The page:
Top 10 prospects
Surprisingly enough, the team needs from last year’s draft are almost identical in 2011. Holding true to the best player available approach the Sabres did not reach last season on a lesser valued center at the 23rd pick and instead opted for smooth skating defenseman Mark Pysyk from the WHL. This season, there is a change in culture with management and the possibility of taking a higher risk/reward player seems to be in play. Buffalo will likely address the center position at the 16th spot but if the top six to eight players are already taken, it wouldn’t be a huge surprise to see them take the highest ranked player on their list regardless of position.
Buffalo has other holes in their farm system that they will try to address in this year’s draft including trying to add a goaltender at some point. The Sabres are thin at the position outside of Jhonas Enroth who will probably back up Ryan Miller next season and the collegiate duo of Bradley Eidsness and Connor Knapp, both of which will be back in the NCAA next year. They will also attempt to stock the cupboard with some talented offensive players this year as they are without any real potent weapons in the system outside of the scoring prowess of Luke Adam.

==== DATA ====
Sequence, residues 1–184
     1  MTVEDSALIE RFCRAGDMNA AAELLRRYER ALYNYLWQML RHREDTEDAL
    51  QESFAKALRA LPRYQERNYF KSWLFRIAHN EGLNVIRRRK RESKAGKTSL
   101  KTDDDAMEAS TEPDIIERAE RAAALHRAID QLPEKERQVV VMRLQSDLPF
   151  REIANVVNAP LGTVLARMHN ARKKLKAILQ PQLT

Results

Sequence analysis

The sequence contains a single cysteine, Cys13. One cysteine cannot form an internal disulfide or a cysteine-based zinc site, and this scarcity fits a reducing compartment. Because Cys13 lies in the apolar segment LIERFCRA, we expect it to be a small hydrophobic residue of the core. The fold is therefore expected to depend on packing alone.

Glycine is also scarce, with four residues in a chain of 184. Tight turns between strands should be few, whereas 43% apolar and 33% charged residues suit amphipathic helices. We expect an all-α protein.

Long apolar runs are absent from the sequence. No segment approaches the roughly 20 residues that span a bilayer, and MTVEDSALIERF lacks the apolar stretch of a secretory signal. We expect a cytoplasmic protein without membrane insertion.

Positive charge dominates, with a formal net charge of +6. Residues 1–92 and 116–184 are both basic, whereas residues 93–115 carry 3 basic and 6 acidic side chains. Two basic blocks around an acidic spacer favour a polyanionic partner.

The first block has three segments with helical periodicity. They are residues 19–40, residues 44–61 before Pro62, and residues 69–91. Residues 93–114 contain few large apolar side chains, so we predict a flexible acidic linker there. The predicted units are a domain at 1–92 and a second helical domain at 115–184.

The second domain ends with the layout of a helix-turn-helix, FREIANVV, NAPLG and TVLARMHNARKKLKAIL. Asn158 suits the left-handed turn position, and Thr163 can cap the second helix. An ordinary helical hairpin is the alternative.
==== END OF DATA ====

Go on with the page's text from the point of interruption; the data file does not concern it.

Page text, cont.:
The Sabres are generally regarded as one of the top drafting teams in the NHL as they consistently ice homegrown talent year in and year out. The current crop of prospects is particularly deep at defense and boasts a lot of grit and toughness on the wings. Leading the charge of NHL ready defenseman is Marc-Andre Gragnani who’s 2011 playoff performance all but guarantees him a spot in Buffalo’s top six next season. After Gragnani the Sabres have several defensemen in Portland who have made a lot of progress in the last two years including Drew Schiestel, T.J. Brennan, Nick Crawford, and Dennis Persson. Next season they will add WHL star Brayden McNabb and will expect huge development out of 2010 draftee’s Mark Pysyk, and Matt MacKenzie.